2017 was a big year for me:
I finally admitted I was getting “old” and needed reading glasses.
But when the time came, I didn’t get an expensive pair of Ralph Lauren or Prada glasses from my local LensCrafters.
Instead, I went to an online eyewear company called Warby Parker.
Warby Parker is what’s called a Direct-to-Consumer (DTC) business. DTC businesses cut out the middlemen. Instead, they sell to their customers directly.
These businesses are making a huge impact on retail right now. For example:
Warby Parker was founded just six years ago and it’s already worth $1.2 billion…
A DTC razor company called Dollar Shave Club was recently acquired by Unilever for $1 billion…
And Casper, a new DTC mattress start-up, is already worth $750 million.
By offering a top-notch customer experience, high-quality products, and low prices, these DTC businesses are killing traditional retailers — and they’re making their early investors a fortune.
Unfortunately, the biggest profits in the three start-ups I mentioned above have already been made.
But now there’s a new Direct-to-Consumer start-up in town.
And if it succeeds, not only could it put some fancy shoes on your feet…
But it could put some big profits directly in your pocket.
A New Type of Shoe Store
Feet are funny things.
Research shows that 95% of people’s left and right feet are different sizes. For example, your left foot might be a size 9 and your right foot might be a 10.
That makes it tough to get the right fit, and easy to find yourself with some serious foot pain.
Sure, you could buy custom-made shoes. But that kind of luxury can set you back thousands of dollars.
But now there’s a new option…
Introducing: True Gault
True Gault is a Direct-to-Consumer shoe company.
It’s attacking the $65 billion footwear industry in the U.S.
Initially, the company is targeting women. It then plans to expand into men’s shoes, licensing, and white-labeling.
Let’s see how it works…
How it Works
After downloading its free app from the app store, you take three “scans” of each of your feet. Those scans generate 3D models with your exact measurements.
Then you use the app to shop for shoes. Currently, there are more than 20 styles. Prices start at $250, which True Gault says is about 50% less than comparable (but ill-fitting) shoes you might buy at a store.
Once you’ve selected a style, your custom-made shoes are handcrafted in Spain, and delivered to your door in less than 4 weeks.
And because this is Direct-to-Consumer — with no expensive inventory sitting around in high-rent retail storefronts — the company can keep its costs low…
And those lower costs are passed on to you through lower prices.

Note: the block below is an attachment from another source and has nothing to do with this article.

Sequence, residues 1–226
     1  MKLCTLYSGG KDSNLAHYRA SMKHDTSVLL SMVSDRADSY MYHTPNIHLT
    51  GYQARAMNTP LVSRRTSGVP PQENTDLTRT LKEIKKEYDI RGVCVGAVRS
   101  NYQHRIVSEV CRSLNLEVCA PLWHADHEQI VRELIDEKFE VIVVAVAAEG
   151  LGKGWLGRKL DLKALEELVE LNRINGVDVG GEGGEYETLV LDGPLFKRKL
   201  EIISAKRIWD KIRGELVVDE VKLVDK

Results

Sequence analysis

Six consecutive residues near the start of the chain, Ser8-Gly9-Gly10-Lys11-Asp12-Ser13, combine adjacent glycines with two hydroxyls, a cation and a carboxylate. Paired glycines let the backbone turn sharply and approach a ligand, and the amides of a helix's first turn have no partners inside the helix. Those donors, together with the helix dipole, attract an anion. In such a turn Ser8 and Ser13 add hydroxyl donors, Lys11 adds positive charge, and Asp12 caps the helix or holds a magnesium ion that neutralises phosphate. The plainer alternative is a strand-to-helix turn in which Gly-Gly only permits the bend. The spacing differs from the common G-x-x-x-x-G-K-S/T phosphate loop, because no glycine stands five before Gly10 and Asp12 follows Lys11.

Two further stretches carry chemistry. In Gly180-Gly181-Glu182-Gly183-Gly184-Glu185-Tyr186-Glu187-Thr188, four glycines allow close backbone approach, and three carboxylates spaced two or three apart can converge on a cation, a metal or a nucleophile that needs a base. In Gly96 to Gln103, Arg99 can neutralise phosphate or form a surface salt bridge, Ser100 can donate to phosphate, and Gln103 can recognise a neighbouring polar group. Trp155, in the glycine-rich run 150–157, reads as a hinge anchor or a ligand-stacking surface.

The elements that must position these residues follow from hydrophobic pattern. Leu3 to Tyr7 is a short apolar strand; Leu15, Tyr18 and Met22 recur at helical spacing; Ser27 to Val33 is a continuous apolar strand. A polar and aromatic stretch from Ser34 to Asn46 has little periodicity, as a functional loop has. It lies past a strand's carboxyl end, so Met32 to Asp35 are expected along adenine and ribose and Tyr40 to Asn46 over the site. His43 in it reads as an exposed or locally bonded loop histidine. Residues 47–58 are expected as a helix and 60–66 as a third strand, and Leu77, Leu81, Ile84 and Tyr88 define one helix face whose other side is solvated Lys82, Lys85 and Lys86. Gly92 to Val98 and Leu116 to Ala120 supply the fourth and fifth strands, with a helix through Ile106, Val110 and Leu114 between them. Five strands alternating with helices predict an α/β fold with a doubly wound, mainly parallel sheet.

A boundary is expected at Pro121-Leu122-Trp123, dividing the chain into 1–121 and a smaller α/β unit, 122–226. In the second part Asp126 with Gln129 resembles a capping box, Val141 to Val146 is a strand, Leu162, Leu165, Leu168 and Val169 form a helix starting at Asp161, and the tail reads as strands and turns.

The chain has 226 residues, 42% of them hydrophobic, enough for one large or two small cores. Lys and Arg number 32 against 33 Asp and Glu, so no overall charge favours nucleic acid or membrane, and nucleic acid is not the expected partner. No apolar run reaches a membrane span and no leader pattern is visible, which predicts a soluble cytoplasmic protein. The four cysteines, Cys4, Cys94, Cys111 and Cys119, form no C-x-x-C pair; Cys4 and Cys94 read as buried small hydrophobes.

True Gault is making quick progress.
Thousands of women (including supermodels like Nikki Taylor) have already scanned their feet and bought True Gault’s shoes, and more than 30% of these women have turned into repeat customers.
In addition, the company has recruited a team of all-star advisors. They include:
- Nina Garcia, Editor-in-Chief of Elle Magazine, and a judge on Project Runway
- Susan Posen, Chairwoman of luxury fashion company Zac Posen; and
- Joanne Wilson, prominent angel investor (and the wife of top-tier venture investor Fred Wilson).
Perhaps more importantly, True Gault has caught the attention of Google.
You see, Google recently selected it to be one of just eight start-ups in its Accelerated Growth Program.
This is the same program that helped launch Warby Parker and Casper!
Now that the company has established a strong foundation, it’s ready to expand.
In particular, it aims to increase brand awareness, launch new styles, and go global.
To help it achieve all that, it recently opened a $1 million investment round.
All investors are welcome to participate, and the minimum investment is just $25.
Keep in mind: like all start-up ventures, this is a risky investment…
So before you contemplate an investment, please be sure to do significant research!
But as you learned today, DTC businesses are very popular right now — and the best ones have turned into very successful early-stage investments.
If you’d like to learn more, click here »
Please note: Crowdability has no relationship with True Gault, or with any of the companies or platforms we write about. Crowdability is an independent provider of education, information and research on start-ups and alternative investments.